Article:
FCC Repeals 83 Regulations

In July, President Obama issued an executive order requiring independent agencies to comb through their books and axe obsolete or harmful rules. A similar order for cabinet-level agencies in January saved an estimated $1.5 billion in regulatory costs, or a little less than 0.1 percent of total annual federal regulatory costs.

The order gives agencies 100 days to act. The FCC struck a little early by announcing yesterday it was getting rid of 83 rules. The White House is expected to release the final package for all independent agencies today. Total estimated savings are $10 billion over five years. Combined with the earlier executive order, federal regulatory costs could go from $1.752 trillion per year to about $1.749 trillion per year.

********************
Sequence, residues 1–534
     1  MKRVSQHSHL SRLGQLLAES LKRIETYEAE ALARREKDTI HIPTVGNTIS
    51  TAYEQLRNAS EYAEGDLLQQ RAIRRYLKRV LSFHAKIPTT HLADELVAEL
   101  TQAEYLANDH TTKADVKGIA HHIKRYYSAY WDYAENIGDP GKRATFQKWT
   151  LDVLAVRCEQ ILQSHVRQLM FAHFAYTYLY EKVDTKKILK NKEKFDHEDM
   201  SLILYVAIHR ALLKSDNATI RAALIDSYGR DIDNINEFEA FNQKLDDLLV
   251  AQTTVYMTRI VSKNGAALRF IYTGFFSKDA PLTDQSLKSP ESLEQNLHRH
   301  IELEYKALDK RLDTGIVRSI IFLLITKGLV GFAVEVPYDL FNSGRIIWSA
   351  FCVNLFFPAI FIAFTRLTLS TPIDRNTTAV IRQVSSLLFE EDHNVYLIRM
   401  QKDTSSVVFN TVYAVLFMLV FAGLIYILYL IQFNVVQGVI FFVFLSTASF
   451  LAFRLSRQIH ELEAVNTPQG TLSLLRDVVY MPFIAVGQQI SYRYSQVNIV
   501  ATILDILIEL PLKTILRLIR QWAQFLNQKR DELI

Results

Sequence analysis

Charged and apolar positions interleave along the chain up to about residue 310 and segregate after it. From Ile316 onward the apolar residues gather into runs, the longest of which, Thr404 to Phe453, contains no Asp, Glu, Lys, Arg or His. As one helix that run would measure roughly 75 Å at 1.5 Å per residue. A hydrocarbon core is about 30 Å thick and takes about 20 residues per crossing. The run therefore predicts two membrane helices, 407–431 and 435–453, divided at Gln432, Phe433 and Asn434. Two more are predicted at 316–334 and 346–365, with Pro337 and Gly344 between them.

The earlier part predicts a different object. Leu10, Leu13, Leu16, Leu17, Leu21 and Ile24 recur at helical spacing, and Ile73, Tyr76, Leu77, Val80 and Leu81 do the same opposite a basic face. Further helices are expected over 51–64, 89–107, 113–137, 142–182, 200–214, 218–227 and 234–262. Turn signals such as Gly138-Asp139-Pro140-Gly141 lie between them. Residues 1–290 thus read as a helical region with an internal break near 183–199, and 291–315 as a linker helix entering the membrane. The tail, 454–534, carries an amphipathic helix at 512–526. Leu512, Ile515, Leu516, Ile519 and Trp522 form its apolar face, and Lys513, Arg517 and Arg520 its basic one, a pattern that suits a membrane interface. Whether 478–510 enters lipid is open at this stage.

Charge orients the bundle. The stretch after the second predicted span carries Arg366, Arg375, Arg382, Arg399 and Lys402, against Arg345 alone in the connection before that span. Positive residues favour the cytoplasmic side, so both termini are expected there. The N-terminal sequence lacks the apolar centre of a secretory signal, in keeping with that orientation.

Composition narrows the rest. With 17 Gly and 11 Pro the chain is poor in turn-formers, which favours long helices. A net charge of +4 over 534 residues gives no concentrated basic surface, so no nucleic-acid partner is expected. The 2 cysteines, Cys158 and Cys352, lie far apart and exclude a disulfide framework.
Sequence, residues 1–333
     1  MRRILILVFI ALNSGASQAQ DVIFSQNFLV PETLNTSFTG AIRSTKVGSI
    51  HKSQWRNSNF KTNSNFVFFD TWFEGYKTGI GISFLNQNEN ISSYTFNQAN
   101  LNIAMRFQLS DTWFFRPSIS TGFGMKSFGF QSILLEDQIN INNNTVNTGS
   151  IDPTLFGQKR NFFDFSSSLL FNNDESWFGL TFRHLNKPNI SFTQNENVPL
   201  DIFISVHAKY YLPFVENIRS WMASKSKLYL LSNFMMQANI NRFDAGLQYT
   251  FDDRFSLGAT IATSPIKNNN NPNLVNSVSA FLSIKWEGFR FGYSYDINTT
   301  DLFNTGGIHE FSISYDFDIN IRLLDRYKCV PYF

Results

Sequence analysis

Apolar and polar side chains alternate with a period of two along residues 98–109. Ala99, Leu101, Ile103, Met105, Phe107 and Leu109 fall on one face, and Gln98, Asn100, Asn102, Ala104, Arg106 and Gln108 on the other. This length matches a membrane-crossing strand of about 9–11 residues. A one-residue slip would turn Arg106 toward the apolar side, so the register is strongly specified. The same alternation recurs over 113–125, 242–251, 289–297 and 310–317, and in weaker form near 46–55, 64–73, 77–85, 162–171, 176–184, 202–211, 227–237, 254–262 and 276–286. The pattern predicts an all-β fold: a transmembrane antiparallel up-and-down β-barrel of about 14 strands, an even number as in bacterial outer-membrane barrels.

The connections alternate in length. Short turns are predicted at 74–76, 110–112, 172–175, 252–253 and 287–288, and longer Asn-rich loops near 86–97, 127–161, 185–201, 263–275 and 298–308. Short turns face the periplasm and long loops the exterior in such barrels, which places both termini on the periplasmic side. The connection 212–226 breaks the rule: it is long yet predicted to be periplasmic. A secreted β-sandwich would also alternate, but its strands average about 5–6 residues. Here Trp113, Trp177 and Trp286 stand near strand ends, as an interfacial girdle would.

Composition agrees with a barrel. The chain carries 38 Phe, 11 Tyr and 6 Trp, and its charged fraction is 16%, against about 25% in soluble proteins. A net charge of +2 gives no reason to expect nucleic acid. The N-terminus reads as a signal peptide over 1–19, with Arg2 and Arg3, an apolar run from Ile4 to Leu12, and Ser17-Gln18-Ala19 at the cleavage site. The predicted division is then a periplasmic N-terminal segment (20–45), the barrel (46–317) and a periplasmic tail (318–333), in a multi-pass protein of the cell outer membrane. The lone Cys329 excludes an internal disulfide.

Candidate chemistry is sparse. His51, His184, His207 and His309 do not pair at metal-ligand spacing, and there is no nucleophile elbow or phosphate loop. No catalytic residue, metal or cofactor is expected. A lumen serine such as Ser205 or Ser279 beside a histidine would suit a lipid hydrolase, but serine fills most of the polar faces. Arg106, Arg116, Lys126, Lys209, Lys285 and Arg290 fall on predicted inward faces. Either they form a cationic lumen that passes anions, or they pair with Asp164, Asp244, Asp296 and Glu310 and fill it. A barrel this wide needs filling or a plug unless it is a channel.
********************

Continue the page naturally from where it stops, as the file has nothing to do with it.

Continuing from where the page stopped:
One of the rules the FCC is chucking is the Fairness Doctrine, which empowers the FCC to regulate the ideology of political programming. It hasn’t been enforced since 1987 because it violates the First Amendment (“Congress shall make no law… abridging the freedom of speech”). But until now, nobody thought to actually remove it from the Code of Federal Regulations. It’s been sitting there the whole time!

Other hygienic measures the FCC is taking include “the deletion of obsolete  “broadcast flag,” cable programming service tier  rate, and broadcast applications and proceedings rules,” according to an FCC press release.

The repeals will become official upon publication in the Federal Register.

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